Pop Culture

Presidents on TV Are No Longer Above the Flaw

Kevin Spacey as Frank Underwood in Netflix's "House of Cards." Nathaniel Bell / Netflix

The president of the United States on ABC's "Scandal" is a killer. But he's not alone: the two people running against him in his bid for re-election also have committed murder.

It's a fact not lost on crisis handler Olivia Pope (Kerry Washington), who in last week's episode laughed maniacally at the prospect of a "murderer's row" of political leaders vying for the nation's highest office. Fitzgerald Grant (Tony Goldwyn) is a promiscuous president who was elected illegally and who killed a Supreme Court justice with his bare hands to keep that secret. His vice president, now running against him, stabbed her husband to death after he slept with another man. The third candidate, the Maryland governor, murdered his wife's lover.

With its over-the-top take on life in Washington, "Scandal" is demonstrating "how dirty and dark it is behind the curtain of power," as Olivia put it in the episode. But it’s not the only TV show going there. On Netflix’s "House of Cards" (pictured above), we now have a president who committed one murder as a member of Congress, another as vice president, and is expected to do worse now that he occupies the Oval Office. Gone are the days of "The West Wing's" President Jed Bartlet (Martin Sheen), a politician of supreme integrity whose only lie in office was not disclosing he was battling multiple sclerosis.

A presidential debate on "Scandal. (L-R) Samuel Reston (Tom Amandes), Fitzgerald Grant (Tony Goldwyn) and Sally Langston (Kate Burton). Eric McCandless / ABC

"What I would like to know is: what took us so long?" said Robert Thompson, director of the Center for Television and Popular Culture at Syracuse University. "The U.S. presidency has not been filled by choirboys by any stretch of the imagination. History tells us presidents have been misbehaving from the get-go but in the modern era, popular culture did deal very, very respectfully with presidents. They were demigods, truly special, exceptional individuals."

America has always had lying, cheating presidents; commanders in chief embroiled in sex scandals; and others who were just plain crooks. In the last 100 years alone, the nation's highest elected office has been disgraced with the Teapot Dome scandal of the 1920s, President Eisenhower’s spy plane cover-up, President Kennedy’s womanizing, Watergate, the Vietnam War, the Iran Contra scandal, and President Clinton’s relationship with a White House intern.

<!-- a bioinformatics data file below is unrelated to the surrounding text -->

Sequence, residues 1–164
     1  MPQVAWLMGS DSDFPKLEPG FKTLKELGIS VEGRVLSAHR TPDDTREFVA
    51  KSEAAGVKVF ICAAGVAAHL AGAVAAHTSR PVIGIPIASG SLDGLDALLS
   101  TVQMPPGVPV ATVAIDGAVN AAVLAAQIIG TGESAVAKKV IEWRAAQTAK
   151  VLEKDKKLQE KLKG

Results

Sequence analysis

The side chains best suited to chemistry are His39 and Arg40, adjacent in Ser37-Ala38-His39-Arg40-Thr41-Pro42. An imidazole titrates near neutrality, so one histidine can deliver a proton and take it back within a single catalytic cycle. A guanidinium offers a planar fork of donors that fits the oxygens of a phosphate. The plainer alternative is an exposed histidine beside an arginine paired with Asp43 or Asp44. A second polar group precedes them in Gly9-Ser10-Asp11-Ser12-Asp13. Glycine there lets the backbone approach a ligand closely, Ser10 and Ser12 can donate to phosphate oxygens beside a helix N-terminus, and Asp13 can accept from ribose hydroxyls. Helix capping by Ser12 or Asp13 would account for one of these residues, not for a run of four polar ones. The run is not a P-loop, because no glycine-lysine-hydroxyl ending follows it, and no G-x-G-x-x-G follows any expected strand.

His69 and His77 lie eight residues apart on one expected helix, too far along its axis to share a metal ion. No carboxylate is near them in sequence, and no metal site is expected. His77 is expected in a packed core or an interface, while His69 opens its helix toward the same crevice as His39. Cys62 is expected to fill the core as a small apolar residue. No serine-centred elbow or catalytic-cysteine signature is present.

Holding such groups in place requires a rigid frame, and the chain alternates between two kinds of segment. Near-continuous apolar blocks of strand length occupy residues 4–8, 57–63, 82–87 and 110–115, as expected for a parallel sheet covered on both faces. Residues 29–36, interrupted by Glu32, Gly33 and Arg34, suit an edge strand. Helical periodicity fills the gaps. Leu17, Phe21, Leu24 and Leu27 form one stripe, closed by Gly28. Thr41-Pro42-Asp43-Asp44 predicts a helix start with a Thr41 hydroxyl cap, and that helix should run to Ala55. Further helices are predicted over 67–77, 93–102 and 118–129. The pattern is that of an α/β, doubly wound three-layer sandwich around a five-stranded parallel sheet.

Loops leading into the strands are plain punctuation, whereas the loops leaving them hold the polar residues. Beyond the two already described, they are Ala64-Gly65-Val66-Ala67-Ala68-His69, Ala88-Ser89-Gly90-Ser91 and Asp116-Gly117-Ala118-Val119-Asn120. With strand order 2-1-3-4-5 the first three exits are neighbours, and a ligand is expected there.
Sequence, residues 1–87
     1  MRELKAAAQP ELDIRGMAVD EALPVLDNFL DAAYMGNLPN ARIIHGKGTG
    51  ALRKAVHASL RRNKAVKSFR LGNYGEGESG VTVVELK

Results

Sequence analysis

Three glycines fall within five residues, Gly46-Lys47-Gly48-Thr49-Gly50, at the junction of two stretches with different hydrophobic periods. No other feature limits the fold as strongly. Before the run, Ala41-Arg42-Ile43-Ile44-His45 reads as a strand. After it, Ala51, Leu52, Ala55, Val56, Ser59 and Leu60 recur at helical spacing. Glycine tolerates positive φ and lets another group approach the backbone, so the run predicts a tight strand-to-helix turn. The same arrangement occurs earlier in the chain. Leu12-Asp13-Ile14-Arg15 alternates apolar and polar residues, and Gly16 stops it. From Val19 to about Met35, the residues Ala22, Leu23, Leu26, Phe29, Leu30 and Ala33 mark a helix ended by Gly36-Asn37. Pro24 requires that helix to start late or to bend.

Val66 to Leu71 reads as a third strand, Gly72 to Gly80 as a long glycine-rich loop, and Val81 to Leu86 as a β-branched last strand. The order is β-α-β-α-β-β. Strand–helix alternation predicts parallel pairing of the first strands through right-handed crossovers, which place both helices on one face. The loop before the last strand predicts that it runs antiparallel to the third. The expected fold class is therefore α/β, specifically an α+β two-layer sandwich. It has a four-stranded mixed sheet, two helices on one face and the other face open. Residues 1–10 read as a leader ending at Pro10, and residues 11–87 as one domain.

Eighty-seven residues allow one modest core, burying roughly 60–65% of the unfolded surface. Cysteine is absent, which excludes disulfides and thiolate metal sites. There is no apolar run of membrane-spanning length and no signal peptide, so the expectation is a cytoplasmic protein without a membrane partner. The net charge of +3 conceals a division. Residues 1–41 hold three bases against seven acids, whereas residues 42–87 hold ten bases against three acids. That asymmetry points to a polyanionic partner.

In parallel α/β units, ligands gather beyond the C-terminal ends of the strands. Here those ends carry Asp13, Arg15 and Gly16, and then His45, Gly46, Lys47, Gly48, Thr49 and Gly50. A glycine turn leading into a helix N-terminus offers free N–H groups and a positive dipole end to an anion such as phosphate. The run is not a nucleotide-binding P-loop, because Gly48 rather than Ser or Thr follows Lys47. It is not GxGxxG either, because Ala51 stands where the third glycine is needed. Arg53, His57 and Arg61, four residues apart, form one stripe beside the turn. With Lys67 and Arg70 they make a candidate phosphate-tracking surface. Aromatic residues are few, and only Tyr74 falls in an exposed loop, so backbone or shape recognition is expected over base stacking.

"By the time 'West Wing' came along, we’d already been through Vietnam, Nixon, and Monica Lewinsky," Thompson said. "But Bartlet was so old school and that was what was refreshing about 'The West Wing.' It was a fantasy and it gave us a sense of optimism. By the time we got into the new century, we began to realize this deep cynicism that anybody who has done the things that it takes to get to the office of the presidency in the U.S. is probably not someone to be trusted."

Image: Martin Sheen, left, as President Josiah Bartlet in "The West Wing".
Martin Sheen, left, as President Josiah Bartlet in "The West Wing". STEVE SHAPIRO / AP, file

When "West Wing" signed off in the spring of 2006, the tide in fictional politics was changing. As the nation said goodbye to its most beloved TV president on NBC, the immoral president Charles Logan (Gregory Itzin) on Fox’s "24" was shocking viewers with the delicious conniving he hid under a cloak of wishy-washy insecurity. If male anti-heroes from all walks of life — from HBO’s Tony Soprano to "Breaking Bad’s" Walter White — were dominating television, why not include representations of the nation’s leaders as flawed, ill-intentioned, and ultimately human?

Itzin, who was nominated for two Emmys for his portrayal of a commander in chief aligned with terrorists, said in an interview that he was as surprised as viewers to learn Logan was aiding in the selling of nerve gas to terrorists and supported the assassination of a former president.